Flat Felled Seam Finish Illustration, by Sidney Eileen

Flat Felled Seam Finish Illustration

Basic Whip Stitched Hem Illustration, by Sidney Eileen

Basic Whip Stitched Hem Illustration

 

The Apron Drape

The apron drape is hemmed with double herringbone stitch in Londonderry linen thread, with about fifteen hours of sewing involved.  It is about six inches longer than it should be to avoid tripping over it, so Diana had to pin a fold to wear it at the event.  I am currently unsure if I should just turn it into a table runner and make an entirely new one that’s also a little wider, or if I should fold the fabric and add some more embroidery to hold it in place.  The intention for this piece is a simple white apron that is functional and can be easily washed and bleached, so I had not originally intended to add any more decoration to it.  Decisions, decisions.

White Viking Apron - Detail, by Sidney Eileen - Linen fabric, hand sewn with herringbone stitch done in line thread.

White Viking Apron – Detail

 

The Apron Dress

The apron dress is a floor length, open-front style with pleating in the back.  It is inspired by Valkyrie figurines, and intended as special occasion style garb, rather than practical everyday style wear.  It is held closed in the front by a penannular brooch that is hidden by the apron drape in the top photo.  It took about fifty hours to hand sew, which includes the time spent embroidering the shoulder straps.  I have spent about twenty-five hours on embellishment so far.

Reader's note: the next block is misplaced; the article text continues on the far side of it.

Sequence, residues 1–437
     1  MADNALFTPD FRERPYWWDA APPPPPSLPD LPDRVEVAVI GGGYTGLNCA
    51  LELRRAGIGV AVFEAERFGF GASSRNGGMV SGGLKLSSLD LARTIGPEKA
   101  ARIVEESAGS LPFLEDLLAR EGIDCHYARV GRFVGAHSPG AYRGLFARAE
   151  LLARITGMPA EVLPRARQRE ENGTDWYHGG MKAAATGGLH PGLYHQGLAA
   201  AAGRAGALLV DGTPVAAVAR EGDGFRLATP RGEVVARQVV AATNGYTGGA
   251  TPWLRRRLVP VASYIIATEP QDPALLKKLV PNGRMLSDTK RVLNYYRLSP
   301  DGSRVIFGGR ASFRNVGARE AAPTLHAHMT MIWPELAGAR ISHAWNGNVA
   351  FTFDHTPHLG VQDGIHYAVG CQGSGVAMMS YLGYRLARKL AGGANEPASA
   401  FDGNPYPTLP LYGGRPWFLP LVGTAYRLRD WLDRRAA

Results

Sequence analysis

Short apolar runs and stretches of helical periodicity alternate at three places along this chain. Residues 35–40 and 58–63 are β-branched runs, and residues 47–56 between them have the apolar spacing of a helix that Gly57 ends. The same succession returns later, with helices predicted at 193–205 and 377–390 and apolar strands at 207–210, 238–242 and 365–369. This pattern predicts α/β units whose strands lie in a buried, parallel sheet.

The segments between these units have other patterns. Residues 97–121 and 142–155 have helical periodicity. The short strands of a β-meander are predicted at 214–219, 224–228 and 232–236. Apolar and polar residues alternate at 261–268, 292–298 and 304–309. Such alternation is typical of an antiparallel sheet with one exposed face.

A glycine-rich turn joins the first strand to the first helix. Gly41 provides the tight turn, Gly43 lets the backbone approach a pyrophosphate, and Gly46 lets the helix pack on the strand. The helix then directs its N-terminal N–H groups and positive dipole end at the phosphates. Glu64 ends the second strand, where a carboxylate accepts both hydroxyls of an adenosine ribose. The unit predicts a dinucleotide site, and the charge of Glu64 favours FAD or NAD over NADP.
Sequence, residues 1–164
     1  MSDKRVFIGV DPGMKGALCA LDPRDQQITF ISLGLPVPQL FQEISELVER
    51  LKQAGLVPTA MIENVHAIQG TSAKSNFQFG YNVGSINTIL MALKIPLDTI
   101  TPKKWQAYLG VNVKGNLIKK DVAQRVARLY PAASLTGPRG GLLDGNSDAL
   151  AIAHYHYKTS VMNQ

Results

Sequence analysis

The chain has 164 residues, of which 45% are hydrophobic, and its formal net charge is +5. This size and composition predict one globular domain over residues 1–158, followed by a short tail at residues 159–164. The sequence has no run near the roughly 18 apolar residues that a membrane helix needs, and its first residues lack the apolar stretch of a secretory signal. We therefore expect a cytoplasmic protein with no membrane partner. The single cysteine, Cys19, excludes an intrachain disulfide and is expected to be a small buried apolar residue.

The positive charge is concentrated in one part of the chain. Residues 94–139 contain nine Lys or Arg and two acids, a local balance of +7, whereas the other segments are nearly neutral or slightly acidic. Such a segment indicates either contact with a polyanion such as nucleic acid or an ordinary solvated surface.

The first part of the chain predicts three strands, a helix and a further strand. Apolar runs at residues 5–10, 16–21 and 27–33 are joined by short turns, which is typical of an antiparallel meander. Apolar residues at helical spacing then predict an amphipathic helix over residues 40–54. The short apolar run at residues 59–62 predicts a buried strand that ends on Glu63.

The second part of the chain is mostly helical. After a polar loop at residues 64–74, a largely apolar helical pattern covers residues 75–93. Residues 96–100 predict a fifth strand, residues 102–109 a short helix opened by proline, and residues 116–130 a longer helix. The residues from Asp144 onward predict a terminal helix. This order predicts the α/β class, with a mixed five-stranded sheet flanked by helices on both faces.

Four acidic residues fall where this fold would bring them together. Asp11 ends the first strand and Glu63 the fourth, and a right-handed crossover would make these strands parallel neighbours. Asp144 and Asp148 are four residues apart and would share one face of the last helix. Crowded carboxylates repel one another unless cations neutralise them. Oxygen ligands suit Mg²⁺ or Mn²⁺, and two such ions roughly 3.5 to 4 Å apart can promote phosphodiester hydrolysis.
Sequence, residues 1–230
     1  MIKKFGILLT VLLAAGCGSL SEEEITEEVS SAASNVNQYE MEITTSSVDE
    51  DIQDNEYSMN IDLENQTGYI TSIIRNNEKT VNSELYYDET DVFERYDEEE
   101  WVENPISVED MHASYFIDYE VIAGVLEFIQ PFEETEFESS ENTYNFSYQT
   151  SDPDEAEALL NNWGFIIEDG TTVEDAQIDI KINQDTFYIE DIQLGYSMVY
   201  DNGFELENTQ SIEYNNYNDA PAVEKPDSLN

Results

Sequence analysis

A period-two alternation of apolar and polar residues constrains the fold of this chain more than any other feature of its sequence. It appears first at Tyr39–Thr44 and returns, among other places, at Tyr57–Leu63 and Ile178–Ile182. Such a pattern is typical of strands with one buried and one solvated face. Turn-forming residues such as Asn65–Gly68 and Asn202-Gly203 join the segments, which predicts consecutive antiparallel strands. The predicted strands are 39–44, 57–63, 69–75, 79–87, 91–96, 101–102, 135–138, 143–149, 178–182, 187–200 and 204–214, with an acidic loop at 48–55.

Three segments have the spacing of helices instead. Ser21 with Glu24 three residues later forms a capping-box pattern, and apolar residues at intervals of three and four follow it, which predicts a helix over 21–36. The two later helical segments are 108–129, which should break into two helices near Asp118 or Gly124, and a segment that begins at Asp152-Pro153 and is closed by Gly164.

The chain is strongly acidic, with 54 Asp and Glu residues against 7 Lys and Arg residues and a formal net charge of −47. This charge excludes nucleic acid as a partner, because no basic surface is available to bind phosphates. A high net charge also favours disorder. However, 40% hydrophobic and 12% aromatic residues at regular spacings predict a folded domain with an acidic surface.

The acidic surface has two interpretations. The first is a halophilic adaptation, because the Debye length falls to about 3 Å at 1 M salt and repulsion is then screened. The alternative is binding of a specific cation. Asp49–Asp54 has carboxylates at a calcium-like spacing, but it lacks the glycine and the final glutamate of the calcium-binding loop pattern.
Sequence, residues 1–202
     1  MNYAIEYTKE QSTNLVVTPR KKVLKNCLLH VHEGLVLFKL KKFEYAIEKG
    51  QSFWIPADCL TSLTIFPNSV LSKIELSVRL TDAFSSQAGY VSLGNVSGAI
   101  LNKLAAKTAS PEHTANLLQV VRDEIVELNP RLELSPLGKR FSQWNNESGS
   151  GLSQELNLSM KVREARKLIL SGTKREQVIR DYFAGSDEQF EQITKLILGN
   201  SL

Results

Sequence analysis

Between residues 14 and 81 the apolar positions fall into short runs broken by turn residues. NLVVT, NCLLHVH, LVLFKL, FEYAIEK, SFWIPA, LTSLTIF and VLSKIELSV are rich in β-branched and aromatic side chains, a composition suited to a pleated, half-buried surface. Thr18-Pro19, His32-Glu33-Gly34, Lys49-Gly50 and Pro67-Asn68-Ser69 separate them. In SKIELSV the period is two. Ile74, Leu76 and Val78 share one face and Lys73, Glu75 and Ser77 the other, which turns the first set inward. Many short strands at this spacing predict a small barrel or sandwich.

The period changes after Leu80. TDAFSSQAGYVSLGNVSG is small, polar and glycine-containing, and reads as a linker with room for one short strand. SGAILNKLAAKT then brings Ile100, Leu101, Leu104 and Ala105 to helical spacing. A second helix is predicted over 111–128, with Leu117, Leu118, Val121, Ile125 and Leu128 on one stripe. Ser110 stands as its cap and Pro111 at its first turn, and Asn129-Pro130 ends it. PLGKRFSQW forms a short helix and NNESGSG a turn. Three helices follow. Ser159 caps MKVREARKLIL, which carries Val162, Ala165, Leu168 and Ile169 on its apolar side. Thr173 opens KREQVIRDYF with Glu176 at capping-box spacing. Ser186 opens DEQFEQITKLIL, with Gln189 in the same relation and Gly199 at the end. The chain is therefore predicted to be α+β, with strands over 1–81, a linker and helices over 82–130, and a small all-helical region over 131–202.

Blue Open Apron Dress - WIP Detail, by Sidney Eileen - Hand sewn and embroidered with linen, decorated with cotton tablet weaving I did not make.

Blue Open Apron Dress – WIP Detail

The above photo shows part of the top of the dress, at the back where the shoulder strap attaches.  Along the bottom of the photo you can see the seams of the pleats.  Sewing is all done with line thread pulled from the selvage of the fabric.  Embroidery is done with Londonderry linen thread.  The top and bottom tablet woven bands were created by my friend Amy, and the middle band Diana received in an informal SCA art exchange.  The tablet woven bands are applied using linen thread pulled from the selvage.

Apron dress shoulder strap, showing detail of the seam being closed using a double van dyke stitch, by Sidney Eileen

Apron dress shoulder strap, showing detail of the seam being closed using a double van dyke stitch.